skip to Main Content

Thinking inside the box

0845 602 7006 | 0117 322 6163

Missing documents add mystery to case

Another twist in the case came when Deana Finnegan, in 2012, requested the case file be retrieved from storage with a company in Saginaw County, where the court stocks older case files.

Missing from the file were the four pages that included Lana Lawrence’s testimony in circuit court. Finnegan was able to restore the testimony from documents provided by Lana Lawrence, who, along with The Washington Post obtained the entire case file in 1987 for a piece she wrote for the publication regarding her childhood abuse.

Lauri Braid, who has been Shiawassee County Clerk since 2001, said she has never come across documents missing from files.

“I was very surprised and dismayed that that happened,” she said. She worked along with Finnegan to restore the testimony. “I hate to think somebody would have specifically taken something out of there, I just don’t have an explanation for it.”

Braid said it was “very unlikely” documents were lost in the transfer to storage, the timing of which is unknown.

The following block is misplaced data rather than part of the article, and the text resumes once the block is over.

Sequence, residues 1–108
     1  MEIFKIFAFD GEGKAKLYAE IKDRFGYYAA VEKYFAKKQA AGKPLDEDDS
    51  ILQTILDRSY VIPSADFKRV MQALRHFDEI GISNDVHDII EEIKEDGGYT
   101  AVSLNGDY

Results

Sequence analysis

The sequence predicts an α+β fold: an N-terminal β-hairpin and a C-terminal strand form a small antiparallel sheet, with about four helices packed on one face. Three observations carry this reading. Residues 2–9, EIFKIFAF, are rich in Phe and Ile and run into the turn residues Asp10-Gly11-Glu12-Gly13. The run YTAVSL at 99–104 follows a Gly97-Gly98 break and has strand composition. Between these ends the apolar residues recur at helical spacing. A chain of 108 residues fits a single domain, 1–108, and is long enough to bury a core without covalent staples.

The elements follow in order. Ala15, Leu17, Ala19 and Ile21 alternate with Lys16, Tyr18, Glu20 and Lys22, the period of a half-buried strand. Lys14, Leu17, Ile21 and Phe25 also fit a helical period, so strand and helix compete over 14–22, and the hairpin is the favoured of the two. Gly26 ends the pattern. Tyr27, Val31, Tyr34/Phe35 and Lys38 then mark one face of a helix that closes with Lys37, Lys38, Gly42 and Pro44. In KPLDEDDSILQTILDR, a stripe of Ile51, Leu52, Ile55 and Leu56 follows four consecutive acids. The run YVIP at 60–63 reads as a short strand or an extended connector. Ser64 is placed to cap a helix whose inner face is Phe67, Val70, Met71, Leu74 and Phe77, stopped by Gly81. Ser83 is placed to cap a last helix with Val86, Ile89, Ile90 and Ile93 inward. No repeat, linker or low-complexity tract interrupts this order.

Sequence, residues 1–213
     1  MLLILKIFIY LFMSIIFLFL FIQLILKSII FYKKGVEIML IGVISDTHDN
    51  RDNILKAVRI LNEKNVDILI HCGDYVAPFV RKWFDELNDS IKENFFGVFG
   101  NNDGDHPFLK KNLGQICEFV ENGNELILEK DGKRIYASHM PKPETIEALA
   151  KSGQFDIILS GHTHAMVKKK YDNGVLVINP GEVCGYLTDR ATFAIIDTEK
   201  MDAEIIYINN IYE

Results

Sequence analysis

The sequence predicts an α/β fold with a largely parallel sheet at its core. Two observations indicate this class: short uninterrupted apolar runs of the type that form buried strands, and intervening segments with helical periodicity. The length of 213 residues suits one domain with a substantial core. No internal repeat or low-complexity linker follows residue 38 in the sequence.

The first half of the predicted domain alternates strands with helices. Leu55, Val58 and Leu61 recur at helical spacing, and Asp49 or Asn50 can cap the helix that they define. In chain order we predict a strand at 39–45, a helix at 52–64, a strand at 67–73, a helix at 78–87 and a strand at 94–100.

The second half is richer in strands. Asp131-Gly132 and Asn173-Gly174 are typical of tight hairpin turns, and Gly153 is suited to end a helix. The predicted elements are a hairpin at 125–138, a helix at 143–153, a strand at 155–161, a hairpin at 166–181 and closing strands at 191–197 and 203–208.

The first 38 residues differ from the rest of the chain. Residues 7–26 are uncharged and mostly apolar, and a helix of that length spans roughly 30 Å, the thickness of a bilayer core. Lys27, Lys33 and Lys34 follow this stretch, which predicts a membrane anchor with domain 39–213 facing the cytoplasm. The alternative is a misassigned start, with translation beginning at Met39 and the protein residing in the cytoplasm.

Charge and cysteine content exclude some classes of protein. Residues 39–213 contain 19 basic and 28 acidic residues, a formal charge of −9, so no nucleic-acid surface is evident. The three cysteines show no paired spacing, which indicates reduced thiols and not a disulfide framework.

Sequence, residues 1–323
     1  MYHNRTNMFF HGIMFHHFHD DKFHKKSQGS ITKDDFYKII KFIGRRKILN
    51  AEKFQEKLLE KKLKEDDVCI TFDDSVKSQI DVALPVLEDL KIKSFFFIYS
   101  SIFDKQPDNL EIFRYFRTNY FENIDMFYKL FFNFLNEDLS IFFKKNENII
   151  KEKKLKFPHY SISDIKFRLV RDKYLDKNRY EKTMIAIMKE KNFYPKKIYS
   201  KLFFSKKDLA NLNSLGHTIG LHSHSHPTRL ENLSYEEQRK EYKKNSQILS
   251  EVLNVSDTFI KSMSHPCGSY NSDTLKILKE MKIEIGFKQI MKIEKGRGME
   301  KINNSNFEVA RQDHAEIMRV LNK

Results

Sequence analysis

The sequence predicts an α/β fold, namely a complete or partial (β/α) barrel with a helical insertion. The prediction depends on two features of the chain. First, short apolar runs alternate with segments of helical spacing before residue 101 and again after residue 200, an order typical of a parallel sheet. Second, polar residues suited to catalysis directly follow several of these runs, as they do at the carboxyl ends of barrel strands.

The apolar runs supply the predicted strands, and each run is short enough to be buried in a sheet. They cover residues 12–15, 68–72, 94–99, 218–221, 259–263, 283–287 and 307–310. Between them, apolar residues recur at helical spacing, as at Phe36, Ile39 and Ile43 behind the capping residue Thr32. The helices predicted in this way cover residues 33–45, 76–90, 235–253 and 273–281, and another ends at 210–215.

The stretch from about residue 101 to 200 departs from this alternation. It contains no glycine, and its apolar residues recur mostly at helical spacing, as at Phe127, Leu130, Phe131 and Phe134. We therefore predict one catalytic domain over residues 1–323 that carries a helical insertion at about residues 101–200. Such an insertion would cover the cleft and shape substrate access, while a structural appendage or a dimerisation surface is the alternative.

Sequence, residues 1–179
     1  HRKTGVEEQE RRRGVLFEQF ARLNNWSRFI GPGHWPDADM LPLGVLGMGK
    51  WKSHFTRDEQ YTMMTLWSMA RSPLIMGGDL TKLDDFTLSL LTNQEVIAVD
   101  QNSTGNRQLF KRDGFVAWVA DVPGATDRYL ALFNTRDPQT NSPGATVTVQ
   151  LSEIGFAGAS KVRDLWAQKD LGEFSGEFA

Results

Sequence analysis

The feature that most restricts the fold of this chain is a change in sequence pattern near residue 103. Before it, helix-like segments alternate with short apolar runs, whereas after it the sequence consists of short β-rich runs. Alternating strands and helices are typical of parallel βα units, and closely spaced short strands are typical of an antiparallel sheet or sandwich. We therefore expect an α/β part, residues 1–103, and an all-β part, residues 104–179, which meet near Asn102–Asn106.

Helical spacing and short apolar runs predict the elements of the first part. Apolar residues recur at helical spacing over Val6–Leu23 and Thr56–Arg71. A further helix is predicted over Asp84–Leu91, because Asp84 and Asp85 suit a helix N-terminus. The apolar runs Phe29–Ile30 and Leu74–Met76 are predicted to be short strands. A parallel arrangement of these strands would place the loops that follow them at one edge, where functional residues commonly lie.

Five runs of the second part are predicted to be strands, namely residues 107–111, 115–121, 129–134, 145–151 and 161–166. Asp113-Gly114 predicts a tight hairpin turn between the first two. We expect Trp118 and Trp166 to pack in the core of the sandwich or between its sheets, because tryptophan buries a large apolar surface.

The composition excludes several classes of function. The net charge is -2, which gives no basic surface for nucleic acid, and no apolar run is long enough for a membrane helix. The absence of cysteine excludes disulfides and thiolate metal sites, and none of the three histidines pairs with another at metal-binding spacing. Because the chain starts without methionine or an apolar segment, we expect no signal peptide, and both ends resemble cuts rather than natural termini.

“They’re put in boxes, the whole file. The boxes are sealed up and they’re either taken upstairs in the attic or we have another local storage site. Again, that’s locked up,” she said.

Lana Lawrence said the situation was not the first time documents appeared to be missing from her case file.

When The Washington Post in 1987 requested the case file through the Freedom of Information Act, two pages of the circuit court arraignment in which the plea deal was struck were not provided. Those documents were present, however, when Finnegan requested the file.

Braid said one explanation for that could have been an error made in copying the documents. Files from that era were printed on “onion paper,” which could have stuck together when the court made copies for The Post, she said.

Because at the time there was no documentation of who views public records, no investigation was conducted.

Braid said as a result of this case, the clerk’s office has changed the procedure for viewing public records. Those who access files must now sign them out.

Source: Argus Press

Back To Top